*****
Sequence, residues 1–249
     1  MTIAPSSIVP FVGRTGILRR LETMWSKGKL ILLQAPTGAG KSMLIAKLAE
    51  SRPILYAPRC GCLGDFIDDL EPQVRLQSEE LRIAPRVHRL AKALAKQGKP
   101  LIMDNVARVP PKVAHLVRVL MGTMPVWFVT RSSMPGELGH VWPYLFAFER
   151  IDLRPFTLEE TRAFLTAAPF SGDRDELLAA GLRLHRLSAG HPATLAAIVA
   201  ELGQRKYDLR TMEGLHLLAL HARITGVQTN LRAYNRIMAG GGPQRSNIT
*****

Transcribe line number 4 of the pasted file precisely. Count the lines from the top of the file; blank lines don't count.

   101  LIMDNVARVP PKVAHLVRVL MGTMPVWFVT RSSMPGELGH VWPYLFAFER